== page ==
On Monday night, a panel of three anti-war veterans addressed a packed Welles-Brown Room to bring insight to the social justice movement. Students for Social Justice sponsored the event, designed to bring real-world perspective to UR students.

“The experiences of veterans lend significant weight to their opinions,” SSJ member and sophomore Jess Bell-Masterson said. “It is essential that when they speak out, we listen.”

The panel was comprised of Vietnam War veteran and high school consultant Jim Murphy, Vietnam War veteran and poetry publisher Dayl Wise and Gulf War veteran Eric Massa, a congressional candidate.

Panel members began the evening by describing their experiences in war and their lives as activists afterward. Murphy, speaking first, talked of his work in countering military recruiters in New York high schools.

“We’re very quick to tell the kids that we have nothing against the guys in the field,” Murphy said. “I’m just trying to shut off the recruiters.”

Having devoted his life to providing a counter-voice to the military, Murphy has numerous stories to tell of mistakes and falsifications in recruiting. “Most recruiters, I know are probably trying to do the right thing,” Murphy said. “The problem is that recruiters today are under incredible pressure to make their goals. This is what we try to counteract in high schools.”

Next to speak was Wise, who presented his history. As a college dropout in the middle of the Vietnam War, he was drafted to the Army and became an infantryman.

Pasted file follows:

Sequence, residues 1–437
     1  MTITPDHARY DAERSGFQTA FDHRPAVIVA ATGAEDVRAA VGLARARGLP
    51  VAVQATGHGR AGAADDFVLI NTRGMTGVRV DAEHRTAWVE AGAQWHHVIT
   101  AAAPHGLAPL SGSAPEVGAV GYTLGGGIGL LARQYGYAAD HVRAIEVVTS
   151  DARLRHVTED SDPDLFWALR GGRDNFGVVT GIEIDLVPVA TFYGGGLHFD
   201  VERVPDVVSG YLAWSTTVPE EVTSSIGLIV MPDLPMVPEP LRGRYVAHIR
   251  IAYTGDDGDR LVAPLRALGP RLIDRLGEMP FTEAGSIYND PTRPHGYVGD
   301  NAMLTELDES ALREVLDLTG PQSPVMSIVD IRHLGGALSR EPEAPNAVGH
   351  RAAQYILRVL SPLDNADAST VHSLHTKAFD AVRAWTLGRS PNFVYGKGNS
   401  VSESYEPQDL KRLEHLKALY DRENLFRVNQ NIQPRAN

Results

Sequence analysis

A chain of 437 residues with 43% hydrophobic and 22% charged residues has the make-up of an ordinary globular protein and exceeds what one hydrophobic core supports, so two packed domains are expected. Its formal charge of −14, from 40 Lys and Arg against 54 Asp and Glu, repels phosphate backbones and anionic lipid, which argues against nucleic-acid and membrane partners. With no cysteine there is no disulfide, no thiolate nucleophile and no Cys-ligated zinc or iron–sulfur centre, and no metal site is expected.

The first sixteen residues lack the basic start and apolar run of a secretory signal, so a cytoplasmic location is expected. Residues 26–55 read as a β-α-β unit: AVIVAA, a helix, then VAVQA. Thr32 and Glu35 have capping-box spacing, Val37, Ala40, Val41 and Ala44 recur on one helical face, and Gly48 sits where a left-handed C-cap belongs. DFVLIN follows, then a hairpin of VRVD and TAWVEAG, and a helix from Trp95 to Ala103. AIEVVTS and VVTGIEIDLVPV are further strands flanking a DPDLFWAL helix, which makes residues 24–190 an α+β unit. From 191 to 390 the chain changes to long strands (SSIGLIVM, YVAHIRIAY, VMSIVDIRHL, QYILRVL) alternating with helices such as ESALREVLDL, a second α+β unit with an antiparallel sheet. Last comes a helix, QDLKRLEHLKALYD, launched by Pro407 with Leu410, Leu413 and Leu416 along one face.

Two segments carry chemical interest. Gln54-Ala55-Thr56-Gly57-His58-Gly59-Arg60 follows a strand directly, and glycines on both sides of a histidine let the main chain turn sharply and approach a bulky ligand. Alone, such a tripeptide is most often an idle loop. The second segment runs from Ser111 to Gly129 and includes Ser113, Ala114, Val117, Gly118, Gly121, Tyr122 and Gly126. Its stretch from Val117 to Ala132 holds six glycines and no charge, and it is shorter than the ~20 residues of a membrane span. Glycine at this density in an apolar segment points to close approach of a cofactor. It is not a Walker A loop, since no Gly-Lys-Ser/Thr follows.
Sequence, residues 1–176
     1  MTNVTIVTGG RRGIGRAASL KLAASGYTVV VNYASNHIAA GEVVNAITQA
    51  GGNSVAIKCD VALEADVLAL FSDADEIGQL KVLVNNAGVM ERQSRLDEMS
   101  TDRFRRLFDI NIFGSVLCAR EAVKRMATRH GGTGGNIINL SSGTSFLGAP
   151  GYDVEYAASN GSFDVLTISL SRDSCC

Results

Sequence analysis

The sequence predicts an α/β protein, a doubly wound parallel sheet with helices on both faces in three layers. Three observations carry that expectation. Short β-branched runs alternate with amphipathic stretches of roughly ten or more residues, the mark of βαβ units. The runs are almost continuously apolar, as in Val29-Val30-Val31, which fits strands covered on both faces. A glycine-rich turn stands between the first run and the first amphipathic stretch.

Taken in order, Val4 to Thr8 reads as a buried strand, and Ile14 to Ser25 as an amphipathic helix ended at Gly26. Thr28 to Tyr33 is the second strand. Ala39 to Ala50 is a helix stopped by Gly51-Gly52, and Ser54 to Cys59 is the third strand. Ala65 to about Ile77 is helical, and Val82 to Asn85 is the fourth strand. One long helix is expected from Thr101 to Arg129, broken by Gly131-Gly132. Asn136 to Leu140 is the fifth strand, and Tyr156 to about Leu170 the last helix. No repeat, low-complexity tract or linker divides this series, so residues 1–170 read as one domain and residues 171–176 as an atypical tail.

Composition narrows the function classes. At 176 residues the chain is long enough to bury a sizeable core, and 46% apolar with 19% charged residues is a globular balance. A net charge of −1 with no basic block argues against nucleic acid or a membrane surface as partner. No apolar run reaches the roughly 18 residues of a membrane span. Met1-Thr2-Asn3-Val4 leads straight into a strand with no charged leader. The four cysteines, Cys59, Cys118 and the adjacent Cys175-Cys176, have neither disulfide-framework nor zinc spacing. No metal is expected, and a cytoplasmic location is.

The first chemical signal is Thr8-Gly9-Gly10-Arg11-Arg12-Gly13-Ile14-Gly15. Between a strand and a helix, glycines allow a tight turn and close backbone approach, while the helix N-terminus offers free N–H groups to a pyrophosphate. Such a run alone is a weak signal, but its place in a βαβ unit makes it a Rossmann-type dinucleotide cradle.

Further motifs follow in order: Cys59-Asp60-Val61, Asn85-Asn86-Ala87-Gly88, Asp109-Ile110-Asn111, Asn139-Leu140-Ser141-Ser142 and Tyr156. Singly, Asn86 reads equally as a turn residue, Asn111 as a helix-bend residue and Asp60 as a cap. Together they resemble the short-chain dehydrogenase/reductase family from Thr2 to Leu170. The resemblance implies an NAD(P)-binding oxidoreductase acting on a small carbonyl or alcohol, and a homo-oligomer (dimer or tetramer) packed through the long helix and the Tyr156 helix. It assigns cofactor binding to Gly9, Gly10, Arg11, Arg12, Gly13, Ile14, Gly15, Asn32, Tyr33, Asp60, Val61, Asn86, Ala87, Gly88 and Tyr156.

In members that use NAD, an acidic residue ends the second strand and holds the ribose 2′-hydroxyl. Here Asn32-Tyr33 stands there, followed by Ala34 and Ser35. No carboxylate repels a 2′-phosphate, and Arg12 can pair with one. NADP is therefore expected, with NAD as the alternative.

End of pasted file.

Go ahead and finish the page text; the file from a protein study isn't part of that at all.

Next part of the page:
After being wounded in combat, Wise returned to the United States and joined the anti-war movement of the time. However, when pressed to explain his injuries he told a fictitious story about a car accident.

“I was part of the anti-war movement, but not as a veteran,” Wise said. “I wish I had joined as a veteran, but I didn’t have that kind of courage.”

Finally, Massa offered his insights on the nature of war. “We were about 600 yards from the Beirut airport, where the Marine barracks were,” Massa said, referring to his time on the battleship New Jersey in Oct. of 1983. “And we watched the building implode because a terrorist drove a truck loaded with explosives into the lobby and detonated it.”

The terrorist attack killed 241 U.S. service members, including Massa’s roommate of four years at the U.S. Naval Academy in Annapolis, Md.

After describing their various experiences in war and with the anti-war community, the forum was opened to questions from the assembled audience. Most of the questions asked for clarification of certain points made during the initial presentation, but some audience members asked pertinent questions to the panel.

One individual from the audience asked the veterans whether they had any ideas for how to resolve the current situations in Iraq and elsewhere. Although they offered some perfunctory responses, the panel displayed a lack of consensus with regard to future solutions to current problems.

In the course of the evening, Murphy was asked if he knew of a time when war was both called-for and just.

“I don’t believe that we can justify any war that we’ve been in since I can remember – World War II, we had President Bush’s grandfather helping finance German industry. I think that we could have avoided war if there wasn’t money involved. MacArthur provoked Korea and Vietnam was obviously engineered,” Murphy said.

Murphy continued with words of wisdom for his audience. “We were ignorant of the culture in Vietnam,” Murphy said. “What would have happened if we weren’t ignorant? Ho Chi Minh’s constitution was a mirror of ours. He appreciated our Constitution.”Majarian can be reached at mmajarian@campustimes.org.



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